Slumdog: short music review

In my review of Slumdog Millionaire,  I made passing remarks about its music. Here is a little more detailed review:

  1. O Saya: Interesting. Although too much of Euro junk mixed.
  2. Riots: Give me Bombay theme any day. Forget haunting, this hardly even registers.
  3. Mausam and Escape: Just when you enjoy the sitar (is it?), the Euro-junk kicks in. Has energy though, just like O Saya. As far as theme music goes, this is pretty much up there.
  4. Paper Planes: Pure Euro Junk.
  5. Paper Planes (DFA Remix): As if pure Euro-junk wasn’t enough, mixed with more pure Euro Junk.
  6. Ringa Ringa: Choli ke peeche genre marketed to westerners by putting it on adrenaline.
  7. Liquid Dance: Best of the lot. The mixing doesn’t seem to smother it into the same pulp like some others. Although that “heyyyy” cry once too many irritates. Would have been so much interesting with a little less screwing around with it. Still one of the best in the soundtrack
  8. Latika’s theme: Serves the purpose. Pure utilitarian.
  9. Aaj Ki Raat: No comments.
  10. Millionaire: Forgettable
  11. Gangsta Blues: This has “I can do this shit too” written all over it.
  12. Dreams on fire: Soulless soul
  13. Jai Ho: Has energy. Utilitarian. Bolly-music fruit-plate served on a with some European seasoning.

Final score? Well 2.5/5. That’s being generous. Especially considering Dev D music review is pending (go check that out instead!)


Blog Potpourri

Yes, the name says it all. It’s a mix of some interesting blogs that I stumbled upon recently, and thought worth sharing:

I’ll start with Syeda Semim Zahan, whose blog Memoirs of an Assamese Muslim has some really nice monologues like this and this. Syeda writes intelligently and coherently, and makes you think. She’s at her lucid best when she ruminates over questions of identity.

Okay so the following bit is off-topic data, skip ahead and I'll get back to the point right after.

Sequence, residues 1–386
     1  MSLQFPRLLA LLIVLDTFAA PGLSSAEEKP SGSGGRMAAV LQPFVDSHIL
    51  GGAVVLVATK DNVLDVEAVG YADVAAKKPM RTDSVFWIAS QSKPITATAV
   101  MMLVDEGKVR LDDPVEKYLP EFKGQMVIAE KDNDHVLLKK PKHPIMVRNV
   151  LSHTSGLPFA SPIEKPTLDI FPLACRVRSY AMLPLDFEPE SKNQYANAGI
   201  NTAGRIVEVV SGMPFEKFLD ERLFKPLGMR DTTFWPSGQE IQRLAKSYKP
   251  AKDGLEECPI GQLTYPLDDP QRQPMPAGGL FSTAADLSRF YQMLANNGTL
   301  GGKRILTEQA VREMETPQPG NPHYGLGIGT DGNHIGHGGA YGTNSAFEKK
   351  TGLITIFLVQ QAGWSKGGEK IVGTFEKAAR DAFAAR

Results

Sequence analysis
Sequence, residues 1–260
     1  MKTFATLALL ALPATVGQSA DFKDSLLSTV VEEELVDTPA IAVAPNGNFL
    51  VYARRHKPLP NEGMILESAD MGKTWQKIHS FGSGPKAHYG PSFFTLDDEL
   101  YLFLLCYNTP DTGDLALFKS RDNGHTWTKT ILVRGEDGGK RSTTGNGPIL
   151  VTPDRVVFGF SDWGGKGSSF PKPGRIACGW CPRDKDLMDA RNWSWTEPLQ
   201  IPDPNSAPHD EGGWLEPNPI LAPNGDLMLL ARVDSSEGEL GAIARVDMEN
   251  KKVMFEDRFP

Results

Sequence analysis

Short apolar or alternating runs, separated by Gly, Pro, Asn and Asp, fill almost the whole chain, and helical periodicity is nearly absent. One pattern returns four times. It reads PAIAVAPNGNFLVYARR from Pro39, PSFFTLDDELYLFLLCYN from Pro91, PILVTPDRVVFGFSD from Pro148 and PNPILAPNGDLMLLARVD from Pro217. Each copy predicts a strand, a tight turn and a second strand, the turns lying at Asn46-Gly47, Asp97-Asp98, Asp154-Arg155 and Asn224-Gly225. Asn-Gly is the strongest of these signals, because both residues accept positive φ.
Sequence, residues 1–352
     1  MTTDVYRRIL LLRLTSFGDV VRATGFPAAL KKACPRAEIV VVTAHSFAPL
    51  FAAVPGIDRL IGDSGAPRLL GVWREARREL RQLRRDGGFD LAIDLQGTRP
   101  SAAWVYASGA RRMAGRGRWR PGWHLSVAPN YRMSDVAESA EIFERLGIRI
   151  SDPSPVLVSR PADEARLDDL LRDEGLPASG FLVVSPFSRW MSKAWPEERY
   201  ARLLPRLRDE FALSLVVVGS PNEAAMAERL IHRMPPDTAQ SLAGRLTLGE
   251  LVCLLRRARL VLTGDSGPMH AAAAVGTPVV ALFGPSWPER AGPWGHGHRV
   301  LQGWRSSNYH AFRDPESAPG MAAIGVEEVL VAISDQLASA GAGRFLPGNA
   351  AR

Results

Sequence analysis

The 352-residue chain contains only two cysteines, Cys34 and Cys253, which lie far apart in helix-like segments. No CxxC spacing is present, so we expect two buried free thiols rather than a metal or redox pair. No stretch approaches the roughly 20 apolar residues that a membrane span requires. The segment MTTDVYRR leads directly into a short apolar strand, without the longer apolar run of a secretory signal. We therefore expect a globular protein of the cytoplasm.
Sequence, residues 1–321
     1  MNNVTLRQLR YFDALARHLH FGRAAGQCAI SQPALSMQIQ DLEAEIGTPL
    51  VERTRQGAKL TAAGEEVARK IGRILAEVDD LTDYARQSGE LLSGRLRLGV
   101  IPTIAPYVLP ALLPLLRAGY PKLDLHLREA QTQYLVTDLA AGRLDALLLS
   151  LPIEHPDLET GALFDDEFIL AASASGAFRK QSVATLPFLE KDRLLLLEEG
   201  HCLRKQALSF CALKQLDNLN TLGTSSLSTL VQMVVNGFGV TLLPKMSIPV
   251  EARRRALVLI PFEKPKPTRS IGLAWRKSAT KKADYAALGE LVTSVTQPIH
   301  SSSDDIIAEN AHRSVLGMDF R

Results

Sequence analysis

Those who have frequented my blog will know that I consider myself a male-feminist of sorts (if you didn’t you know it now). And I’ll not define what I mean by feminism, because this isn’t the place and time. But a group blog, Ultra Violet is one blog that has a slice of Indian feminism, that I tend to empathize with, if not agree many a times. Dilnavaz Bamboat’s this post got me interested in this blog, and since then the feed is in my google reader. And how can I miss this one?

Although I haven’t followed his blog much otherwise, Neville’s this post took me down the memory-lanes of Indian Advertising.

Another group blog that I have been following lately, off and on, is Indian Muslims. Those who keep complaining that the moderate Muslim voice is not heard enough, should read this excellent group blog. A few sample posts to get a flavor: this, this and this.

And now to repeat the most banal phrase, last but not the least, here I present the final blog of this potpourri. Atul, who has been my default tag bunny, wrote one post which made me really really jealous — because he stole my words. No, I’m not being frivolous! Atul, of course shouldn’t be introduced this way, for his writing is much deeper, and sublime (and his photography even more so), but what the hell. I’ve already introduced him in another blog-potpourri, so I can take liberties here. I’ll not forgive him for stealing my words, but I promised him his blog will go places, and a promise is a promise!

That’s it for this installment of potpourri.

Meme (not me me) once more

I’ve been blogging, on and off, for almost seven four years now that I think about it. I guess, when nothing else counts, years count; because sometime back Mahendra called me a veteran blogger somewhere. In reality, though, he looks much more of a veteran (it’s just been half a year, and he’s already blogging like a pro). Anyways, the same Mahendra has tagged me. The meme is: strengths of a writer. Now I see multiple takes on it by others who have been tagged: “my strengths as a writer”, “strengths I’d like to have as/in a writer”, “what are admirable strengths of/in a writer” and so on.